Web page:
Oh, yeah, I did. And I liked it.
If someone had told me ten years ago that I’d be writing lycan erotic romance and loving it, I would have looked over my shoulder and said, “Who are you talking to?”
At the time, I was a straight romantic suspense girl. It’s what I loved to read and write (aside from medieval historicals!). I not only was not interested in shifters or vampires (altho, hello, shifters and vamps are sexy!), at the time, paranormal was so outside the box it was a word you didn’t say, much less write. Steamy romances were just beginning to ‘come out’ so to speak and that was good for me.
I naturally write steamy, so ripping the bedroom door off by the hinges was no big stretch for me. However, there are some scenes in BLOODRIGHT (book two of my Blood Moon Rising trilogy) that made me blush! And I don’t blush easily.
But the truth of the matter is, I liked writing those scenes. A lot. Once I crossed not only my own self-imposed boundaries, but those society has erected, I felt emancipated as a writer. And as a woman.
Here’s the facts: writing sexy books is fun. Reading them is fun. Talking about them is fun. Reading and writing sexy books hurts no one. It’s a private affair that we enter into by choice, not because we are forced to do so but simply because we want/need/must! escape for a little while before we have to return to the reality of life. It’s one of the things I love most about writing romance. It carries me away into a world where I have complete control. I know that no matter what I throw in front of and behind my protagonists, they are going to make it. Together, because they fell in love and fought to stay in love. Happily Ever Afters are great therapy. When I read the end of a story with an HEA or walk out of a movie theater with a big smile on my face because all’s well that ends well, my endorphins are riding high. I feel good. I’m happy, and inspired.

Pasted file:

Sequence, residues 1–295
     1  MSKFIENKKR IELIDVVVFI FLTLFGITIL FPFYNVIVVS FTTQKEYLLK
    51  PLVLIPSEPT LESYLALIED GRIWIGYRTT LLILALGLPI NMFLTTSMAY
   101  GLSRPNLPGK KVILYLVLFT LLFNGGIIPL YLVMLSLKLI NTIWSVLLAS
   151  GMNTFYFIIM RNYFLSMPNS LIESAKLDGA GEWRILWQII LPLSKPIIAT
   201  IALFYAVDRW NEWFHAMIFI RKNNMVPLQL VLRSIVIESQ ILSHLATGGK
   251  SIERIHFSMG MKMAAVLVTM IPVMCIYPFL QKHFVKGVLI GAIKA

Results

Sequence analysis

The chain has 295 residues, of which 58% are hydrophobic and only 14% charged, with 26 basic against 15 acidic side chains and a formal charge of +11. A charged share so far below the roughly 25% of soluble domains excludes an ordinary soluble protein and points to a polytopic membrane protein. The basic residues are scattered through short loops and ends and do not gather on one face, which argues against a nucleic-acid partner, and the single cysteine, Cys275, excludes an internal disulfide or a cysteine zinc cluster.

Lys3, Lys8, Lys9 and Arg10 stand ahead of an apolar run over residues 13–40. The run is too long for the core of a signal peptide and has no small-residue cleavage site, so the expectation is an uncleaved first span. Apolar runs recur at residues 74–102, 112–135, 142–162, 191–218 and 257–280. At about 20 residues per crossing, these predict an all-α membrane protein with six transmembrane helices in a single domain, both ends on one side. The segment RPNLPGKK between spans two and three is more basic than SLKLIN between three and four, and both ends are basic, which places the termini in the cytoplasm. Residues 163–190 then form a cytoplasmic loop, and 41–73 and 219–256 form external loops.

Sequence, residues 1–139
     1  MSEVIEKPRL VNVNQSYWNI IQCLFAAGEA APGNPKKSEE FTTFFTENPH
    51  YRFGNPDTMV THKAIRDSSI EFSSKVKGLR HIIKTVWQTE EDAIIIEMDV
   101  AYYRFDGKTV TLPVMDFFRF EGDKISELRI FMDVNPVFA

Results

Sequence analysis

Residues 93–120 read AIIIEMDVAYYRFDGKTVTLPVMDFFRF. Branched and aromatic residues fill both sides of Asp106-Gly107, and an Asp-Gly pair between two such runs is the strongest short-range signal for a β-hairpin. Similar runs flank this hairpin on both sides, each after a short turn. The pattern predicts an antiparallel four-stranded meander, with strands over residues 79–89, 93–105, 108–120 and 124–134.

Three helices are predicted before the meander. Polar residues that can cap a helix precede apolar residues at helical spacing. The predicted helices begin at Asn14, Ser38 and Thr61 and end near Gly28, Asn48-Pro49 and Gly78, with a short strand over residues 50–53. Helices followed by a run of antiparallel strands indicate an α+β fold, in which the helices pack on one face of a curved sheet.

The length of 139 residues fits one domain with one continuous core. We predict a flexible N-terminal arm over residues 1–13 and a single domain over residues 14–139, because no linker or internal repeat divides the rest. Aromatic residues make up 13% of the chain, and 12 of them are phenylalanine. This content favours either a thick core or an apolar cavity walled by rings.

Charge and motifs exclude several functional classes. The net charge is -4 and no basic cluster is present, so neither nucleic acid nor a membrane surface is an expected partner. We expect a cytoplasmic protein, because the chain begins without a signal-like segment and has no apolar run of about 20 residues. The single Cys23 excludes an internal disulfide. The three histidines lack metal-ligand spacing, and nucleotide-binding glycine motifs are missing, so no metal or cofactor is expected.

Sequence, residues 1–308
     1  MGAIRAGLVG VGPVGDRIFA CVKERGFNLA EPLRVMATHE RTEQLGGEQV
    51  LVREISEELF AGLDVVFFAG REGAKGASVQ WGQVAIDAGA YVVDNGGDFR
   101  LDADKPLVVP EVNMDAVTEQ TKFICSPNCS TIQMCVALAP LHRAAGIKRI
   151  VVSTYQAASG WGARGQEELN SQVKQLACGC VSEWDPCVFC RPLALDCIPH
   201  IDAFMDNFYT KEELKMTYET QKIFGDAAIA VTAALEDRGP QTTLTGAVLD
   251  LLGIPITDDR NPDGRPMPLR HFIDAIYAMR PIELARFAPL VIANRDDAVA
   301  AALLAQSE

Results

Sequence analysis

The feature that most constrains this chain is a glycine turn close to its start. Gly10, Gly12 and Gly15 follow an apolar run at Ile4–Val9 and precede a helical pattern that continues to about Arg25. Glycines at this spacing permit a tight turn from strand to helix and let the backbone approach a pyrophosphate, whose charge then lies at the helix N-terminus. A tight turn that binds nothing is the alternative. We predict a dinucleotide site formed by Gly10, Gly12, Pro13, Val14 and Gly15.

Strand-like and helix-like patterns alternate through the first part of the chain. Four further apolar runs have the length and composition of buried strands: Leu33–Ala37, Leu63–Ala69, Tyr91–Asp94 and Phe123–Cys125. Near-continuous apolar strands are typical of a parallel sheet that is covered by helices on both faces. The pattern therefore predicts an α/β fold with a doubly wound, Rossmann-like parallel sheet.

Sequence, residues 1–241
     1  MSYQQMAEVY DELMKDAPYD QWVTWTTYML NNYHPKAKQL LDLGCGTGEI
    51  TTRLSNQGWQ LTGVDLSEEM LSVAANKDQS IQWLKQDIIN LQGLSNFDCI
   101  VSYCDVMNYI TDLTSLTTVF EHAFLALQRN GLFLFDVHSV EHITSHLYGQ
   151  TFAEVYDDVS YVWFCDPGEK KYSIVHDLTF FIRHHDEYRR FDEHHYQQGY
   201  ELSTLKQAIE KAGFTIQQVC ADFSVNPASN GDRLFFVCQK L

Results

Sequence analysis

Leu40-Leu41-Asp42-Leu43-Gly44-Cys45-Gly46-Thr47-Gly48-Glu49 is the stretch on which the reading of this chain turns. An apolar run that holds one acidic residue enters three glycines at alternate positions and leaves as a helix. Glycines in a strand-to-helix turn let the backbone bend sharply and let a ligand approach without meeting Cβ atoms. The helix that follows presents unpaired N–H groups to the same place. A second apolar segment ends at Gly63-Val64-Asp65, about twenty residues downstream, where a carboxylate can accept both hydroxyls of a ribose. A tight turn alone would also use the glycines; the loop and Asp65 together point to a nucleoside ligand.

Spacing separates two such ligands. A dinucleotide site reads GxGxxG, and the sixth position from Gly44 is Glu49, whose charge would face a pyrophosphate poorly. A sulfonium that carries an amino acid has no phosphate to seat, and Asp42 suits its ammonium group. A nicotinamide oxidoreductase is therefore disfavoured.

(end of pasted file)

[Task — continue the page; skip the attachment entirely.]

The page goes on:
But man, do the critics like to crucify romance. Erotic romance especially. Everyone’s a critic! I never let it get to me because frankly, if they want to call what I write smut, mommy porn or straight out trash, that’s their opinion, and while I don’t agree with it, I accept it as their opinion. It’s one reason I don’t get hurt over nasty reviews. It’s one person’s opinion. I do however get irritated when I come across a review of one of my books with inaccuracies in the review. I guess they really didn’t pay that close attention, and if that’s the case, how can one honestly review a book? But I digress.
With all of the hype about the 50 Shades series, nasty, belittling comments about the author, the books and the genre, abound. Most I would hazard a guess are coming from frustrated writers who haven’t hit it big. Or men and women who aren’t in touch with their sensuality. Poor pitiful them.
Here’s the thing about 50 Shades: One, I wish I had written it, and believe me, if I had, I would be holding my chin up so high you all could look right up my nose into my brain. I would obviously be laughing at all of those stone throwers as I drove my money laden semi to the bank, but I would also feel a twinge or maybe two of sadness for those who just don’t get it: Romance novels, sexy, erotic or chaste are about falling in love. And last time I checked, sex was part of that. Open door, closed door, no door, whatever, it’s a readers choice to pick up a book and read it for their own reasons, and no one has the right to say how a person should feel for reading something they may find objectionable.
As far as 50 Shade goes, it isn’t a perfectly written book. But for me and many many MANY readers, we connected with it on a visceral level. That it is an imperfectly written book with imperfect characters, makes it, to me anyway, more real. As a writer, I love to read imperfect books, because mine are imperfect too. It’s validation that the craft journey is an ever evolving one. I like to think the books I’m writing today are better than the ones I wrote five years ago, and the ones I write five years from now are better than what I’m writing now.
It’s all part of the process. Luckily for me and so many other romance writers, we’re thick skinned and stubborn enough not to allow a little or a lot of public criticism keep us from doing what we love doing: writing romance.
So, tell me, what is the last romance you read that had you smiling happily as you read the least page?